Tallulah DeWald as Carolyn rolled a counterfeit 100 EU note on the glass coffee table. With a weary half-smile, she pretended to inhale two thin lines of sugar. Then with a magician’s hand, she brushed the grains into the air. Her robe’s black satin kimono sleeves spread liquidly like stage curtains.
She leaned back, closed her eyes, and sniffed, embraced by the navy blue suede sofa. The front wisps of her silky white-blond locks were sticking to her cheekbones, dewy with shimmer-stick foundation like honey spread over porcelain.
Sitting beside her, Kit Bancroft — Gay Man 3 — solemnly began to plait her locks into a French braid. “Mmmm,” she let out a lackadaisical beautiful-girl sigh.
Chip Tegan as Gay Man 4 took her milky hand in his, admiring the glittering “Vamp” lacquered nails and silver costume gothic rings.
“You are so fabulous, Carolyn,” he said lovingly.
“All the magazines think you are the greatest! No one has ever dressed as chicly as you,” said Mickey Tate, Gay Man 2, pursing his lips and looking profoundly into her eyes. Three lines of dialogue in an independent film was just the first step, he reminded himself. And he thought again not to resent Chip, who not only got seven lines, but sat next to Madeline through the Yohji Yamamoto fashion show scene.
They all laughed and rubbed their noses.
Gay Man 7 returned with a tray of pink cocktails for all eight of them. Everyone’s pinkie daintily extended as each sipped the lemonade and grenadine. Maraschino cherries were slurped, stems tied in knots with their tongues — well, attempts at the feat were made.
Then Gay Man 5 pulled a box of chocolate-covered cherries out of his Yak Pak messenger bag. They all greedily devoured the chocolates.
“I love you all!” shouted Carolyn, teary-eyed, nuzzling her forehead into Gay Man 4’s strong jaw.
Then the thunderous sound of footsteps — well, that would be added later by the sound guy — and the front door blasted open.
“Who are these twerps?” shouted Michael Reardon as John.
“These are my friends! While you were busy working on your stupid magazine I found new people to confide in!” She slouched back into the sofa; her robe wilted about her heroin-chic limbs. With her hair mussed above her head, she looked like a photographic negative of a tulip.
He was bewildered. “What the hell is going on here? You lousy coke whore!”
“Alright, time to go back to Kansas, Friends of Dorothy!” Reardon always needed to suppress laughter with that line. He and Gay Men 2, 5, and 8 coupled in several varieties throughout the filming of Goodnight, Sweet Prince.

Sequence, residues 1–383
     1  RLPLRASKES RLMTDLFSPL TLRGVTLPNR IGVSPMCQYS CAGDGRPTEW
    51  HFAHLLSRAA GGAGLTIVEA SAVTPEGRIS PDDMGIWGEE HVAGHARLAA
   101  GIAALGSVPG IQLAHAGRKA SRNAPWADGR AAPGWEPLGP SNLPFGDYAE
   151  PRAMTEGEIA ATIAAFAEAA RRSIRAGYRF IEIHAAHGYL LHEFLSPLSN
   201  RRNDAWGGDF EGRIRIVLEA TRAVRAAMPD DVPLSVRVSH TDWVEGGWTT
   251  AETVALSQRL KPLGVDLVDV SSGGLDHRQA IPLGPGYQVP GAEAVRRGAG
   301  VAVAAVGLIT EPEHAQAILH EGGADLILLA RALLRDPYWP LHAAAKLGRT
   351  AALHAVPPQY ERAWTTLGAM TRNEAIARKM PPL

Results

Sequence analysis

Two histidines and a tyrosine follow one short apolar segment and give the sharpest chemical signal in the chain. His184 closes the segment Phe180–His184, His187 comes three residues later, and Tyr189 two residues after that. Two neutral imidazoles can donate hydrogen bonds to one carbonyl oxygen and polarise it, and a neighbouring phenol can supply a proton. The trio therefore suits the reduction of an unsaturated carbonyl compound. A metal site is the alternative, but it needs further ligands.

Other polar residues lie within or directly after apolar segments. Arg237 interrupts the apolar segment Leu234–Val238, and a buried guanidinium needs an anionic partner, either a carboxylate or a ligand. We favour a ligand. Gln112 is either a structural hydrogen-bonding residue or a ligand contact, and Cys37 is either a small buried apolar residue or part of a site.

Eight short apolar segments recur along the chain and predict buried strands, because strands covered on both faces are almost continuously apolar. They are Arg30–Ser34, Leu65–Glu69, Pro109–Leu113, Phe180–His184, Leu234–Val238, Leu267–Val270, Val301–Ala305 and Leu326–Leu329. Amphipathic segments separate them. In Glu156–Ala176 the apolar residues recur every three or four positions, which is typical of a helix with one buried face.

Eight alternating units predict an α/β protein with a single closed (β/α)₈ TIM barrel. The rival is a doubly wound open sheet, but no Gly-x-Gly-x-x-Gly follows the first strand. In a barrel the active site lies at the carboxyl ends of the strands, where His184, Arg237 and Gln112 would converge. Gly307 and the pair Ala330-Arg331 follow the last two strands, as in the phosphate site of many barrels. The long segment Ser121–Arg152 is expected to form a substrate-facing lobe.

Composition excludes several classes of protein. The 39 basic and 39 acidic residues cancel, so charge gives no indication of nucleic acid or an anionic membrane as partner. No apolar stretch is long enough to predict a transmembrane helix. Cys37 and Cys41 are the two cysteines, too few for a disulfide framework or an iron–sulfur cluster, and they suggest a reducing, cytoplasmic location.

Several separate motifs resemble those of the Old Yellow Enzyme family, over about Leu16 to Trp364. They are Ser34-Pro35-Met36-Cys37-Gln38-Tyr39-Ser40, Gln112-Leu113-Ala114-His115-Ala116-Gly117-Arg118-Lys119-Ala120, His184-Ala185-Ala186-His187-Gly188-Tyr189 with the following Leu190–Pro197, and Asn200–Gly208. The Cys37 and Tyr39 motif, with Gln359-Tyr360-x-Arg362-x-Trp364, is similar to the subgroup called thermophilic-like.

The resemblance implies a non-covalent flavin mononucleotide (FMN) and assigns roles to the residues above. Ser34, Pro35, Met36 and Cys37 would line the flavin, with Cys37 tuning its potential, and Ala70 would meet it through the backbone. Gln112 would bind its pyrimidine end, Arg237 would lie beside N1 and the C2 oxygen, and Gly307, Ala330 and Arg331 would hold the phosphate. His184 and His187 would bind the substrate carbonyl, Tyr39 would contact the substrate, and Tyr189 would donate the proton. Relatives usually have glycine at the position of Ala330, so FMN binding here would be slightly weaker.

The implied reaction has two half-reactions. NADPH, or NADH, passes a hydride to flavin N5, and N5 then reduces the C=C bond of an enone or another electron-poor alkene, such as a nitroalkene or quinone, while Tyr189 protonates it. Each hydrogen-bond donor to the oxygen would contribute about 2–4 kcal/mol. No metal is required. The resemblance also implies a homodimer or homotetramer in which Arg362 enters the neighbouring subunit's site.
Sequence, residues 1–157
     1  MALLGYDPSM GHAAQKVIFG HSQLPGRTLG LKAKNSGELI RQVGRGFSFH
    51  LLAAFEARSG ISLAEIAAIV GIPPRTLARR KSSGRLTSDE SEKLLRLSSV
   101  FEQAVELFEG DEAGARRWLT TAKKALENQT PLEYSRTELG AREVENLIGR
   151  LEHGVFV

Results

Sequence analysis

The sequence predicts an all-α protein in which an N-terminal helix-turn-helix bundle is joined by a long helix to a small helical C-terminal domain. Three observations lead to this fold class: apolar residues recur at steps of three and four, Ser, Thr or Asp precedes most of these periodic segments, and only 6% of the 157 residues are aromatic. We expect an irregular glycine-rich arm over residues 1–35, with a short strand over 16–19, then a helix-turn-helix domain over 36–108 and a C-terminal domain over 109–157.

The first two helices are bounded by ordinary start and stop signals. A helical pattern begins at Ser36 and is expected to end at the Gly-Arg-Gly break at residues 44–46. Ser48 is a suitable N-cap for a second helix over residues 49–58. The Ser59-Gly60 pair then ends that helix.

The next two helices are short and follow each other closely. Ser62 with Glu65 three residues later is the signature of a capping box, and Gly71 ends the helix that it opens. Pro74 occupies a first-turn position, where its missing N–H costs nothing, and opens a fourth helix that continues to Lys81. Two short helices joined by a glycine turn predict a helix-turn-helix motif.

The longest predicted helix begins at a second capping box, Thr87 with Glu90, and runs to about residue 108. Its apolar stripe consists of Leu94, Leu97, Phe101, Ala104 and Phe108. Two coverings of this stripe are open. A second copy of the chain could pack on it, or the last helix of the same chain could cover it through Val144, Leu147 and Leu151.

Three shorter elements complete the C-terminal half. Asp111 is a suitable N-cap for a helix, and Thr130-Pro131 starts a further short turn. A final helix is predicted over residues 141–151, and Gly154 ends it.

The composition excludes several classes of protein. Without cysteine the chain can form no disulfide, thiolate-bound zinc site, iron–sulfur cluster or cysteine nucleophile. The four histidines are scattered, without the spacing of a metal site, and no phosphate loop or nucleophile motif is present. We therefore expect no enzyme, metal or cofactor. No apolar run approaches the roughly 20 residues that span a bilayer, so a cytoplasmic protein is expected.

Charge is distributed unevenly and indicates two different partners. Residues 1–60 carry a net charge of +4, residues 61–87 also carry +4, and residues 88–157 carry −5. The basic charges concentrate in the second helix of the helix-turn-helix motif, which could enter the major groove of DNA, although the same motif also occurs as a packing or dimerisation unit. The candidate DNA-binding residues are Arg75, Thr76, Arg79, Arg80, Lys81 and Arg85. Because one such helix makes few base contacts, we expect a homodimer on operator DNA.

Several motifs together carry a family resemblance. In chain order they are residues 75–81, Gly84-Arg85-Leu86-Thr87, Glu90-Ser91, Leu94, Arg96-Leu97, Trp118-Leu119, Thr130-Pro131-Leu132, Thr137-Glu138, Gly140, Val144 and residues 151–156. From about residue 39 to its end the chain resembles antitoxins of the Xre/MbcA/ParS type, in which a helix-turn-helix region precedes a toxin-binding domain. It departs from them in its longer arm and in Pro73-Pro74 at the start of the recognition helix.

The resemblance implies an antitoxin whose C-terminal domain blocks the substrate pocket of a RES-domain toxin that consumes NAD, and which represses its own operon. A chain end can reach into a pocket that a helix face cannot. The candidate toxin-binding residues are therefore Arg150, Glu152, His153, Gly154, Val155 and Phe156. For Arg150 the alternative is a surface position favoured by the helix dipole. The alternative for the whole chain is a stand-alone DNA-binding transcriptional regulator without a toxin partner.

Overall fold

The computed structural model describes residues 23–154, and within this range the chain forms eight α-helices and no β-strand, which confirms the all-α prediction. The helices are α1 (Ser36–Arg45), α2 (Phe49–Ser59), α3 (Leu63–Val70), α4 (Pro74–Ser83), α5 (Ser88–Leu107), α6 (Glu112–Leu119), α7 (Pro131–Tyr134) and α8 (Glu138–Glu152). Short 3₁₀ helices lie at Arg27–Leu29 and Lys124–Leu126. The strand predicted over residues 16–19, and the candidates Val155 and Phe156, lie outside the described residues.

“How dare you use a GLBT slur in this household! And you call yourself liberal royalty! You’re a brute, John! An idle terror! I will have no more of this.”
The gay men all clamored for their cardigans and jean jackets while Carolyn put on a pair of Earl Jean jeans. “I’m going over to Michael’s place!”
“Well, I’m going to read these flight safety manuals in the meantime,” he muttered, slamming the bedroom door behind him.
That was Jicky Adler. She took off her specs, as the actors stepped off the stage, and let the black frames hang from the antique old lady-like emerald-studded chain around her neck. Accessorizing was her way of establishing an image of authority.
“Did they even have euros in 1997?” she remarked bitterly to her teenage cameraman, Macalister. “And the rings look cheap. Carolyn would never have worn Celtic knotwork.”
She ran her fingers through her hair and sighed. “God, I need a coffee. Would you mind managing the cleanup tonight? I’ll pay you time-and-a-half.”
A newscast interrupted radioChing’s Xylo music, just as Jicky walked through Marie Café’s rustic doors.
“The U.S. Treasury announced today that the debt has increased at a rate of 3.6 percent to a total of 25.4 trillion dollars, making it the third largest in history. The Congressional Budget Office will postpone the Mandatory Government Work Initiative — ”
“Grande mate latte, please,” she ordered, indifferent to the telecast.
“Darling!” cried an inimitable bell-like trilling laugh of a shout from the back of the cafe.
“Hanalei, honey!” she said, gleefully turning around to find her old friend, seated on a fashionably ratty, caftan-covered couch with Mylar MacBarron and Franconia Sujai.
“Hello, my little angel cake!”
“Now that I think about it, I think I’ll get a venti mate latte,” she said, facing forward.
The barista dumped the steamy mint beverage into the sink and picked up a larger cup.
“That’ll be $12.75,” he said, as she handed over her hot pink maxicard.